Contrite? Apologetic? Only because he's worried. The arrogance of talk show hosts like Imus is the fact that there are no consequences.  Zero tolerance. The harm has been done and the show should be off the air.  

    It's been years since I heard his show. (none / 0) (#2)
    by walt on Mon Apr 09, 2007 at 07:00:13 PM EST
    The I-man has always been a tasteless, blowhard of a clod.  Perhaps he went a couple of stupid comments too far, this time.

    Sharpton on Imus (none / 0) (#3)
    by womanwarrior on Mon Apr 09, 2007 at 08:20:40 PM EST
    Good job, Reverend Al.  He gets it.
    Now, how do we find out who the advertisers are?  

    That's right WW, hit them (none / 0) (#4)
    by Electa on Mon Apr 09, 2007 at 08:51:13 PM EST
    where it hurts the most...in the pockets of corporations.  Smack that bottom line long and hard enough and Imus will go.  My daughter attends college in Atlanta and she's attending a organizing session right now for action against the networks.  Bug Imus it's the networks who have allowed this bigot to thrive.  Students across the country are outraged and fired up over this think it's ok slander.  

    If we allow Imus to get away with this the bigots will come out of the woodwork like cockroaches when the lights come on, spewing their racist and sexist remarks and then snotting all over the mic with I'm a good person but said bad things.  Does the leper suddenly change his spots?  Oh, yes, when he's busted.  Give us a break, we ain't all stupid...stupid.


    Equal Treatment (none / 0) (#13)
    by Get Over It on Tue Apr 10, 2007 at 07:20:24 PM EST
    I am no Imus fan and never listen to his show. But if your daughter is so upset with the networks why isn't she and other students mobilizing against the record companies that promote rap and hip hop music that denigrates women and gay and lesbian people??

    Non-sequitur (none / 0) (#14)
    by squeaky on Tue Apr 10, 2007 at 07:34:20 PM EST
    Looks like we have a LGF theme going here. Something like:

     Poor Imus, why pick on him he is just a rich white guy. The real villians here are the self loathing slaves.


    Holy Twana Brawley, Batman (none / 0) (#6)
    by Wile ECoyote on Tue Apr 10, 2007 at 05:50:59 AM EST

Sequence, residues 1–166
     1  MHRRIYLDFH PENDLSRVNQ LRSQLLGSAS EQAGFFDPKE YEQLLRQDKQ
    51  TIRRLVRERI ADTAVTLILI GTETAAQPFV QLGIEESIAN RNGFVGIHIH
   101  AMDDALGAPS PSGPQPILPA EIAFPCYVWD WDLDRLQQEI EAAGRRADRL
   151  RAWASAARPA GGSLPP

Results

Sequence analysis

Sharpton is hot.

    Showing Your Cards? (none / 0) (#7)
    by squeaky on Tue Apr 10, 2007 at 06:48:01 AM EST
    I can only glean from your non-sequitur that you think this is all an overblown waste of time. A coded wink and nod to Imus? Don't worry Imus we got your back?

    Imus should be (none / 0) (#8)
    by Wile ECoyote on Tue Apr 10, 2007 at 10:42:55 AM EST
    fired, but Rev Al is a race warlord who makes his living ensuring racial strife continues.  

    If all of the sudden, everyone of all races here in the US hugged each other, and favoritism and quotas and mean thoughts and class envy went away, Rev Al and Jesse Jackson would be the most disappointed people.  Their paychecks just disappeared.  


    So What (none / 0) (#9)
    by squeaky on Tue Apr 10, 2007 at 05:49:05 PM EST
    Does that have to do with Imus' spreading the hate, insidious type of hate. Your bringing up other's comments can only be seen as a way to water down Imus by saying, hey others are just as bad. Yes, I saw the line that Imus should be fired, but it is kind of sleazy to bring up others at the same time. A qualifier to be sure. And not a remotely level palyingfield when it comes to black and white.

    So what (none / 0) (#10)
    by Wile ECoyote on Tue Apr 10, 2007 at 06:28:10 PM EST
    you must love race warlords.  Imus was on Rev Al's show.  Two idiots together.  I guess we will have to disagree.  

    Disagree about what? (none / 0) (#11)
    by squeaky on Tue Apr 10, 2007 at 06:49:55 PM EST

    WTF! (none / 0) (#12)
    by Sailor on Tue Apr 10, 2007 at 06:59:55 PM EST
    you must love race warlords.
    Gee, and you support terrorists, hate america and pi$$ in the shower ... c'mon wile we almost always disagree but that was egregious.

    You (none / 0) (#15)
    by Wile ECoyote on Wed Apr 11, 2007 at 05:44:37 AM EST
    are correct, I apologize to Squeaky.  Squeaky, sorry.

    No Problem (none / 0) (#16)
    by squeaky on Wed Apr 11, 2007 at 05:58:00 AM EST
    Wile ECoyote